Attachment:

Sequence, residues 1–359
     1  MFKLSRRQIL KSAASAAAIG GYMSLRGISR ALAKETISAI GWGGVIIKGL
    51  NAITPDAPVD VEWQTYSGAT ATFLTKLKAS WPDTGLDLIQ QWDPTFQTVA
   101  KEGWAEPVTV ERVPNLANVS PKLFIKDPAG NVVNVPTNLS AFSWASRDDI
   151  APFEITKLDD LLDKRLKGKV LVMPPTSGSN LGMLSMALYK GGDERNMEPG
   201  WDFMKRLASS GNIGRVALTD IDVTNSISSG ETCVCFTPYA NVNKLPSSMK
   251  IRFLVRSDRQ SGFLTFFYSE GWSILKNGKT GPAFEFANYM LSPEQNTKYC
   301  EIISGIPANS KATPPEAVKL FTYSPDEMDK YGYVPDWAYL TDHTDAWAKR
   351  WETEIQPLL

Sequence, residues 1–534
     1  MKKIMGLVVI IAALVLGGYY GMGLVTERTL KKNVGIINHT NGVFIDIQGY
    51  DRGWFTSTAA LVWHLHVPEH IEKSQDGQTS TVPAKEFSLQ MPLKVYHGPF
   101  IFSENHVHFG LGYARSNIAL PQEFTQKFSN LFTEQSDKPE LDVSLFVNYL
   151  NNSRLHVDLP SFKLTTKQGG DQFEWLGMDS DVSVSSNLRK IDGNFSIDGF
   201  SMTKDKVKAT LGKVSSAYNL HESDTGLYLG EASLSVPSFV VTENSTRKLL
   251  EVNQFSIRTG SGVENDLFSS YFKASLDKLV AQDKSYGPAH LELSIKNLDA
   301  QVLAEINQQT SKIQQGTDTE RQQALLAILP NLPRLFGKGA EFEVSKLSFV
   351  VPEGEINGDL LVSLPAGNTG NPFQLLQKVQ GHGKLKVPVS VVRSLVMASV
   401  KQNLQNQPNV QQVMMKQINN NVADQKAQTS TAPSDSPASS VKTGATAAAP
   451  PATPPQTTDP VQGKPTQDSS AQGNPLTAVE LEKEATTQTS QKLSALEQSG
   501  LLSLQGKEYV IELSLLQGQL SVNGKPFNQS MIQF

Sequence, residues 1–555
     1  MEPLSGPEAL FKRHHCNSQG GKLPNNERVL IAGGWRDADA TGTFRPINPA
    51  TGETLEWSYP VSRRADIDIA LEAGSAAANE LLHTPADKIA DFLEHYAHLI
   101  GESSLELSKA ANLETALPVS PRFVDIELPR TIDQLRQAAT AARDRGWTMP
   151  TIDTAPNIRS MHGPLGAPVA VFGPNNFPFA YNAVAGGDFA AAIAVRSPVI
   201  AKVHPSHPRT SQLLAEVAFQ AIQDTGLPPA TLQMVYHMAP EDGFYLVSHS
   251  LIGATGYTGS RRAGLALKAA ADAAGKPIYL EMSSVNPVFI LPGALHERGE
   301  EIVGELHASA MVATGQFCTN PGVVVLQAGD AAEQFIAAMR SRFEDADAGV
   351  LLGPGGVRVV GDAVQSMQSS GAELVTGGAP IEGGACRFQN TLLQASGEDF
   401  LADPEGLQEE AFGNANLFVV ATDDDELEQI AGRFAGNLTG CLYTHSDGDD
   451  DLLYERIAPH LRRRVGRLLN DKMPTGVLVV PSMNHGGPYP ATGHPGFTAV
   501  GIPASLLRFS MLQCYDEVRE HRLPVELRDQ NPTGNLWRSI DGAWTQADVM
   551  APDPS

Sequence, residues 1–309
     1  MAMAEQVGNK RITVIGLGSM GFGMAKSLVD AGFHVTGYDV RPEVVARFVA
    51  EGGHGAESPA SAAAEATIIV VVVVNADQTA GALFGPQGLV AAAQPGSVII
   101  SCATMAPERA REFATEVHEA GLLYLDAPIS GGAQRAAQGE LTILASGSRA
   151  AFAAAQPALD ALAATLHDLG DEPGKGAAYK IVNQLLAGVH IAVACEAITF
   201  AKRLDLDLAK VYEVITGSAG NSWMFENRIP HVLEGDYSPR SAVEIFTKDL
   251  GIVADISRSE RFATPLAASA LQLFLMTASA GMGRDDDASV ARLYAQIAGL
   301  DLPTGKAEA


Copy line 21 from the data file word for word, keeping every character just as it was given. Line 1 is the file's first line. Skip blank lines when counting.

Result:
   501  LLSLQGKEYV IELSLLQGQL SVNGKPFNQS MIQF